7

Be careful how you portray your company or organisation online

Consider what your employer would think before posting any comments or material online about your company or organisation.

8

Do not mix your business contacts with your friend contacts

You have no control over what your friends may post online or how they may portray you and consequently what your employer, colleagues and clients may be exposed to.

Protect your mobile phone and the information saved on it from any physical intrusion

9

Do not let anyone see your profile or personal information without your consent

Before accessing your profile through your mobile phone pay attention to the environment and people that are surrounding you. If someone is trying to see what you are doing access your profile in a safer place.

10

Do not leave your mobile phone unattended

Someone with malicious intent could update your profile and status with false details. Remember to log out from the social network once your navigation is over and not to allow the social network to remember your password (this function is called ‘Auto-complete’).

11

Do not save your password on your mobile phone

Mobile phones can be easily lost or stolen and if you save your password on your mobile device anyone who may have possession of it can access your profile, see your pictures and friends. Try to commit your password to memory and if you write it down be careful where you store it.

12

Use the security features available on your mobile phone

Remember to lock the keypad when not in use and to protect the device with a PIN or a password. Backup your details to another device such a PC in case your mobile phone is lost or stolen. Configure connections (such as Bluetooth and Wi-fi), especially in airports and public spaces, to be secure and if your mobile device has a built in firewall remember to enable it.

Respect other people’s privacy

13

Be careful what you publish about someone else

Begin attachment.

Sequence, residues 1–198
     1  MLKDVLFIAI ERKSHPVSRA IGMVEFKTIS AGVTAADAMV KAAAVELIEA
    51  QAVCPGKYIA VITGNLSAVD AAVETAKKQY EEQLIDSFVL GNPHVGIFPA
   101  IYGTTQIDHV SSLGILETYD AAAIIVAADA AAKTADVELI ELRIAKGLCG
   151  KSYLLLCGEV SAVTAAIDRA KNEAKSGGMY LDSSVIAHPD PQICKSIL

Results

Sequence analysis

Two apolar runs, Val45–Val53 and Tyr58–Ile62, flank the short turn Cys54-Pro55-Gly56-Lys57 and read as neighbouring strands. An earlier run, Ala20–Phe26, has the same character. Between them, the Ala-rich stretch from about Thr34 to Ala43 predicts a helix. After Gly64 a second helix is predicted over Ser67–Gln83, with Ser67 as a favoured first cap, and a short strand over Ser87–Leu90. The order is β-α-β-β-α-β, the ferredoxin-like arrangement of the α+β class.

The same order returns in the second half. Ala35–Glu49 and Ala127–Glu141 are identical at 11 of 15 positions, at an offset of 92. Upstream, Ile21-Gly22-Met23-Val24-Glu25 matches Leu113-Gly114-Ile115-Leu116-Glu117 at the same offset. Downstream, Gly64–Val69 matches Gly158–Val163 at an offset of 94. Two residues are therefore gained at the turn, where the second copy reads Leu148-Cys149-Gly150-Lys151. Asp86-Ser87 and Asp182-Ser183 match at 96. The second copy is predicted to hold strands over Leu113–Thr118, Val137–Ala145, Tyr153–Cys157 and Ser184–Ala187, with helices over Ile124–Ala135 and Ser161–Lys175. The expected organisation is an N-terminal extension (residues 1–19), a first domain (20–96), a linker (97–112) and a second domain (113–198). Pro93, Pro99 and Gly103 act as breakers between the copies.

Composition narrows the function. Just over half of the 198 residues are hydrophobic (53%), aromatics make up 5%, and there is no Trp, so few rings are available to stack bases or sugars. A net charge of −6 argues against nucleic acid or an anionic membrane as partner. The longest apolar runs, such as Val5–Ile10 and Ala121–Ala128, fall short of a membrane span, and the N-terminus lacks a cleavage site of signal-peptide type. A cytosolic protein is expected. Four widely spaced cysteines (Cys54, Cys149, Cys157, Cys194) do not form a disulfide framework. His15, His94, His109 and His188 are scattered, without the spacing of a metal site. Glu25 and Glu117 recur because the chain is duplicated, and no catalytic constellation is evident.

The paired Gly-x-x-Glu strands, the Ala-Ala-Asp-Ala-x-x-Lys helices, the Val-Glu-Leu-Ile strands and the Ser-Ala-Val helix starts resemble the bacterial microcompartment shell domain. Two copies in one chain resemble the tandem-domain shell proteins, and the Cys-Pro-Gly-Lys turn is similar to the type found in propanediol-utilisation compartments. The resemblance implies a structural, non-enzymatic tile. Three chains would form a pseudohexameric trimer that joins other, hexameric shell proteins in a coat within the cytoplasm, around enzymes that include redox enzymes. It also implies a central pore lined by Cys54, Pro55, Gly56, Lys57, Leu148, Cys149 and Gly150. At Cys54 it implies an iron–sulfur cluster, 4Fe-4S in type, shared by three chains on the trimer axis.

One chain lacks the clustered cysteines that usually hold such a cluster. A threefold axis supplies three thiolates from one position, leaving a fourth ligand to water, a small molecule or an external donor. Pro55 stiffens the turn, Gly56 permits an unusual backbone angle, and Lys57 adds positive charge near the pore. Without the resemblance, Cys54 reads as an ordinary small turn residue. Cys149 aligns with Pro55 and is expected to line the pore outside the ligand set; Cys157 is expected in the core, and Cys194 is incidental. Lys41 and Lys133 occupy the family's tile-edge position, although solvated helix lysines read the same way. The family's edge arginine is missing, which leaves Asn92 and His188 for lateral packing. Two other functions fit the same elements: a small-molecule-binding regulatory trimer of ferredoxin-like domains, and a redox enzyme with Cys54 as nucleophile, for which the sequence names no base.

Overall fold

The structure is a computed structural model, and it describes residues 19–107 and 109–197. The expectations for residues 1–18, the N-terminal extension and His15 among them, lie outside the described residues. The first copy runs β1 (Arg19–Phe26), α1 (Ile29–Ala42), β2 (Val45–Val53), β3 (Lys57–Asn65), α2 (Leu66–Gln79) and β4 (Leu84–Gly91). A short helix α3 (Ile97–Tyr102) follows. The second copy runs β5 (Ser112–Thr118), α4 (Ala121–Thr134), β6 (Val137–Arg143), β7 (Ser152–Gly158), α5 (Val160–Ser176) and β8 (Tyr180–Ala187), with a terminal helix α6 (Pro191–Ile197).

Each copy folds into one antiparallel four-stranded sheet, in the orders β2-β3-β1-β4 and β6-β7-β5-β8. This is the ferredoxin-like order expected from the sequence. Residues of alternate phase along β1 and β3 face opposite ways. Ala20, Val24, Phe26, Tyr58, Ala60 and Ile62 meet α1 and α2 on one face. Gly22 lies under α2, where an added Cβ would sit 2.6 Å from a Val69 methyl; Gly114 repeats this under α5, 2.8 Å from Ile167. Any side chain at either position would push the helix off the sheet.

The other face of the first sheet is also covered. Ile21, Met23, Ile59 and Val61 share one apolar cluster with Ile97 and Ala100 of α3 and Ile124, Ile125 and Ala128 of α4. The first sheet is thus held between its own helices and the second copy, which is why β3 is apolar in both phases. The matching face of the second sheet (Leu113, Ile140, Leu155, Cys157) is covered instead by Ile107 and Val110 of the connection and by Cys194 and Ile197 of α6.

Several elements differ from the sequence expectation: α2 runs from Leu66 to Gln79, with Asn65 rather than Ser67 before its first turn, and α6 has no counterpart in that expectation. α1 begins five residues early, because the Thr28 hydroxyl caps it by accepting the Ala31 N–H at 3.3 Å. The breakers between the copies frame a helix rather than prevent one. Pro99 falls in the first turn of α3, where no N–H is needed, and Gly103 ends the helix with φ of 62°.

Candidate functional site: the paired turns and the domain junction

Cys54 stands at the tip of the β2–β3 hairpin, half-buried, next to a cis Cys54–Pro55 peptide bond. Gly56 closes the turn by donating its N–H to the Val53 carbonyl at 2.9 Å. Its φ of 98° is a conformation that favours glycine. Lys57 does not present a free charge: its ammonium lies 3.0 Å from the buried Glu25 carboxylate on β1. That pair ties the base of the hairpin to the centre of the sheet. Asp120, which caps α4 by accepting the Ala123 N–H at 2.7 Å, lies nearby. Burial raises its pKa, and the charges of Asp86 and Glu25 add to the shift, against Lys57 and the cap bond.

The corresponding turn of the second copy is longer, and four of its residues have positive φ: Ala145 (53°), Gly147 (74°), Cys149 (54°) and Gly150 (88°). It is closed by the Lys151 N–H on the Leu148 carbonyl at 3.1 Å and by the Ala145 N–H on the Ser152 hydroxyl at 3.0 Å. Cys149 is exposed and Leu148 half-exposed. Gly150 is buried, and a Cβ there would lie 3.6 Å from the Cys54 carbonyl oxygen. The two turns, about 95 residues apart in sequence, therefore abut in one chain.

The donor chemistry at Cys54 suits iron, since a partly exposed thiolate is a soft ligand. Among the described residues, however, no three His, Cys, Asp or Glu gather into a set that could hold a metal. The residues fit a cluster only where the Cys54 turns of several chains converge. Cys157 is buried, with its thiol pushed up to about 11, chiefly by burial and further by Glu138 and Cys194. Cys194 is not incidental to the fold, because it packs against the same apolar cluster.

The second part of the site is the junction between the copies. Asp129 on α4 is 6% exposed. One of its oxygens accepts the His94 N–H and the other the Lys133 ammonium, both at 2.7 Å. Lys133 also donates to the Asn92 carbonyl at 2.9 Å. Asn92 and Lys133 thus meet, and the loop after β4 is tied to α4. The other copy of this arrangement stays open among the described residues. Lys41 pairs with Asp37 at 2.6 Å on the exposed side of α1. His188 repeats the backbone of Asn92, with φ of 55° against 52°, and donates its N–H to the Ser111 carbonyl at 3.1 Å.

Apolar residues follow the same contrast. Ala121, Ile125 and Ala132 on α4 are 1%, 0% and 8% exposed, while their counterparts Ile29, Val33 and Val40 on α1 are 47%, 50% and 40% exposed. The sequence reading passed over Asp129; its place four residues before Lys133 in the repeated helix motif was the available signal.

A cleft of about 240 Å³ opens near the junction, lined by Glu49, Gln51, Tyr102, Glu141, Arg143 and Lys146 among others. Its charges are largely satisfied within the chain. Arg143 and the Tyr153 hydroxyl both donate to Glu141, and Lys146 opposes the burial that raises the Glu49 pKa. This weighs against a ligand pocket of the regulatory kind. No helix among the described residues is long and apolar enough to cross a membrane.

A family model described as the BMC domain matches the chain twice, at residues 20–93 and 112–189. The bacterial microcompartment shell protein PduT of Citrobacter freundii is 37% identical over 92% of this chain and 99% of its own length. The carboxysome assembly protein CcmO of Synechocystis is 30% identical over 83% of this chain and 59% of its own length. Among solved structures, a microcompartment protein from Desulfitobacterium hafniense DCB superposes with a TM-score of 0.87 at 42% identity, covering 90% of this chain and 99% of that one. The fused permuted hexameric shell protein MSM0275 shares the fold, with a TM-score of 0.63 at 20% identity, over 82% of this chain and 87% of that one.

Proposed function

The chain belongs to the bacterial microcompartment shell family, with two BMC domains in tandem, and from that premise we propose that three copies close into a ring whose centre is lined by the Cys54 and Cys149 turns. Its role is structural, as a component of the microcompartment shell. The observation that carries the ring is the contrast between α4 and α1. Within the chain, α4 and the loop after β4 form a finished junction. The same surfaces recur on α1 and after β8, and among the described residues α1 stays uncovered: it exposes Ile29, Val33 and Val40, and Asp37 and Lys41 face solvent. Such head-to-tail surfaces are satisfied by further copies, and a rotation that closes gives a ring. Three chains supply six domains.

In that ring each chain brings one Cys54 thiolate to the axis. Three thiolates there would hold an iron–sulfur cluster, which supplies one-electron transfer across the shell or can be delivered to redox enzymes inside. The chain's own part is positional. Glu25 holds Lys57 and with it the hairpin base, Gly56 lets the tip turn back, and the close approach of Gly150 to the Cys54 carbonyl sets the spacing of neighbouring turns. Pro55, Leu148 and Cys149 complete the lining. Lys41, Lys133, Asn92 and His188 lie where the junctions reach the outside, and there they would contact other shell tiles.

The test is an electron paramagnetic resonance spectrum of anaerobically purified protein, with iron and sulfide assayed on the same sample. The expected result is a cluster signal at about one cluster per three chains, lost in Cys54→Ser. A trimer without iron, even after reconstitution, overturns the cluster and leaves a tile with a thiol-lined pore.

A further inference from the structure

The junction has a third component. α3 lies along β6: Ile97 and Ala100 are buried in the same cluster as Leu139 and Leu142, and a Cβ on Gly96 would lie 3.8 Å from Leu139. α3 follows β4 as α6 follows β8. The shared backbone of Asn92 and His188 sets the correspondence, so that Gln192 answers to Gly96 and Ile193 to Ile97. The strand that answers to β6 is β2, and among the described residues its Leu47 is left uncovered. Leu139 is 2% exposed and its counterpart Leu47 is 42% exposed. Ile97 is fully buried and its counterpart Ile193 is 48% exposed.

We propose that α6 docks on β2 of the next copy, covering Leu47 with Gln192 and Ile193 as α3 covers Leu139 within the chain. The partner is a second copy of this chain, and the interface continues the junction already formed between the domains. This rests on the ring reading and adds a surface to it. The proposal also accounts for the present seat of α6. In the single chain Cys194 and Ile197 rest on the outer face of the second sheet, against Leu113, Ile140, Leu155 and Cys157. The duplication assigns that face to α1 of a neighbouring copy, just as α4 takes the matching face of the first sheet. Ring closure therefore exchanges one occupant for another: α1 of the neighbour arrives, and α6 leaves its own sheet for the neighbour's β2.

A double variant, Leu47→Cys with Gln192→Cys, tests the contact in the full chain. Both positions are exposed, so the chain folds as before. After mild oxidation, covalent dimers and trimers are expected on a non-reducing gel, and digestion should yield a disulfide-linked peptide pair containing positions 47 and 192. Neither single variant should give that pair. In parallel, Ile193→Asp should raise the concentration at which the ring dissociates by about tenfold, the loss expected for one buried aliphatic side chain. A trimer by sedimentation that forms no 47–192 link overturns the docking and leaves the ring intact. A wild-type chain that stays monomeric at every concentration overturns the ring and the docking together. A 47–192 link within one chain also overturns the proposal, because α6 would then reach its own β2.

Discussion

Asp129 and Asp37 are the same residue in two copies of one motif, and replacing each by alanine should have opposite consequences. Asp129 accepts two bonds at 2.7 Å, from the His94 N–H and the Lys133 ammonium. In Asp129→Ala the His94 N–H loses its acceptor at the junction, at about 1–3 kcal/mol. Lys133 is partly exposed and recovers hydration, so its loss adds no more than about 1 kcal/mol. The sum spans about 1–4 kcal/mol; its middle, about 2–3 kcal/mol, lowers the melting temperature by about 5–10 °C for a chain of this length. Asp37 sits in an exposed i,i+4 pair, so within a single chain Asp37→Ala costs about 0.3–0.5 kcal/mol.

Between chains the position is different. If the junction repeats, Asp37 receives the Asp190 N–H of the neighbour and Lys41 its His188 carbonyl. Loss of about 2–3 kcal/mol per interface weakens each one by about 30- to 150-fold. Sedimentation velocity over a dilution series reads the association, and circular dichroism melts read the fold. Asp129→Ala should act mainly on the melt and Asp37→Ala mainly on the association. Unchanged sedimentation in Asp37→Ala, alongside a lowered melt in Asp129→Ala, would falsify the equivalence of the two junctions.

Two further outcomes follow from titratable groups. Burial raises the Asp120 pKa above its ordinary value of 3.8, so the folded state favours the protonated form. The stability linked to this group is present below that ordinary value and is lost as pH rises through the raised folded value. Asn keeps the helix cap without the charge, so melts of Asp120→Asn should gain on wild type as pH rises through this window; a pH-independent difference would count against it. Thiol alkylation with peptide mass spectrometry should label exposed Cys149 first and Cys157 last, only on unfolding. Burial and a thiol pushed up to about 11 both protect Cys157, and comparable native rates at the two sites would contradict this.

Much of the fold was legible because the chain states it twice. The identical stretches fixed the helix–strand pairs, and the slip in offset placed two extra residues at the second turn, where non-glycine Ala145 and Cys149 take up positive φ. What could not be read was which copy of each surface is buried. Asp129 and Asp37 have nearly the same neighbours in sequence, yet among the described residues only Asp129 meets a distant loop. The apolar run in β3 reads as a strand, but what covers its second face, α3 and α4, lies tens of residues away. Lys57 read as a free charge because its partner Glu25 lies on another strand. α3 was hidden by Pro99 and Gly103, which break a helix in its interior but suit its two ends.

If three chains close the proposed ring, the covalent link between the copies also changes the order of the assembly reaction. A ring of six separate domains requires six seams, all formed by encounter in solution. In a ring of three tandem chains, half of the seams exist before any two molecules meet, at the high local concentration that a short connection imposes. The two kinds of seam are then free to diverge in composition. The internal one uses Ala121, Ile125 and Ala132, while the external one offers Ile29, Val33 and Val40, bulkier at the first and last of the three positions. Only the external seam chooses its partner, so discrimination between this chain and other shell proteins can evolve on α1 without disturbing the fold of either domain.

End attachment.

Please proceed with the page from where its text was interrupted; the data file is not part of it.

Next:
Do not upload pictures or personal information regarding other people without their consent. You might commit a criminal offence.

Inform yourself

14

Read carefully and in full the privacy policy and the conditions and terms of use of the social network you choose

Always be informed about who provides the service and how your personal information will be used and who has the right to access the information you post.

Protect your privacy with the privacy settings

15

Use privacy-oriented settings

Set the profile privacy level properly. Check the privacy settings of your profile — who can see your pictures, who can contact you and who can add comments in order to avoid making your profile available to everyone.

Report immediately lost or stolen mobile

16

Be careful when using your mobile phone and pay attention to where you put it

Report immediately stolen or lost mobile phone with contacts and pictures saved in its memory and personal information regarding you and your friends (e.g. those friends whose contacts on the SNS have been synchronized with the mobile phone) and change the passwords on the social networks your are a member of.

Pay attention to the location based services and information of your mobile phone

17

Deactivate location based services when not using them.

Remember to deactivate location based features of your mobile phone if you don’t need them.

©WH. This work is licensed under a Creative Commons Attribution Non-Commercial Share-Alike England 2.0 Licence. Please attribute to WH, Tech and Law, and link to the original blog post page. Moral rights asserted.